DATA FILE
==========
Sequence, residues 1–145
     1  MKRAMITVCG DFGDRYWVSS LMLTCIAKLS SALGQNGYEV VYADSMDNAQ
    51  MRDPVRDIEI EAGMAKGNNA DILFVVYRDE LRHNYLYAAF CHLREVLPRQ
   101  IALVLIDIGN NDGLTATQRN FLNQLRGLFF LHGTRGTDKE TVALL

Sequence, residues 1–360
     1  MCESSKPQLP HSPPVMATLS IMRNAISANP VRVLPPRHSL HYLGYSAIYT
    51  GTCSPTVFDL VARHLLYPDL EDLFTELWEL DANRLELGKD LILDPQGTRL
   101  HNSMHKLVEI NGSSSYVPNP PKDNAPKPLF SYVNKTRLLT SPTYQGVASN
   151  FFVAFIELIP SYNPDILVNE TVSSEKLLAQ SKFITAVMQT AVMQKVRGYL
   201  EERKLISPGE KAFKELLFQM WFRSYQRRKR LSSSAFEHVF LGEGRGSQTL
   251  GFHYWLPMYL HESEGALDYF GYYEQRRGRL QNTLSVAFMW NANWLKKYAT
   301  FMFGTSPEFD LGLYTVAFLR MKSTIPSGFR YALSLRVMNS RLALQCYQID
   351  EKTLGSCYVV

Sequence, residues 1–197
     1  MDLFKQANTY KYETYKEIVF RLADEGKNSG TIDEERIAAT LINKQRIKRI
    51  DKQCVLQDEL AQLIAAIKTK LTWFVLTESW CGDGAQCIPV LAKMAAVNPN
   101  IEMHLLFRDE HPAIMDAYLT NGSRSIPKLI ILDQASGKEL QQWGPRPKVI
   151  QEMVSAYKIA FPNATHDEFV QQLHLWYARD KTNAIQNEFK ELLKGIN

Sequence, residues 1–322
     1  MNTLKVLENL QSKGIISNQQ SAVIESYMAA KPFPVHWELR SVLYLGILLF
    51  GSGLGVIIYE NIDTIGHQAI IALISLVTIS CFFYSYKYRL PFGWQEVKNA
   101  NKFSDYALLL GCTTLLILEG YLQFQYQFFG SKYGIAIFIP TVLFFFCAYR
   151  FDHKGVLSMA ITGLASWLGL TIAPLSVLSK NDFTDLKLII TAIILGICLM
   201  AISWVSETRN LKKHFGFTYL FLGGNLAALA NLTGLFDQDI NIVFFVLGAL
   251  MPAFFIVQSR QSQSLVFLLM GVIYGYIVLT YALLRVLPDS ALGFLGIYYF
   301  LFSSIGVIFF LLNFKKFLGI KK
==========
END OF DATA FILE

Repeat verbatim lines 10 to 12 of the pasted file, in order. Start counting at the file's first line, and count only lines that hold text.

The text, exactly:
   201  EERKLISPGE KAFKELLFQM WFRSYQRRKR LSSSAFEHVF LGEGRGSQTL
   251  GFHYWLPMYL HESEGALDYF GYYEQRRGRL QNTLSVAFMW NANWLKKYAT
   301  FMFGTSPEFD LGLYTVAFLR MKSTIPSGFR YALSLRVMNS RLALQCYQID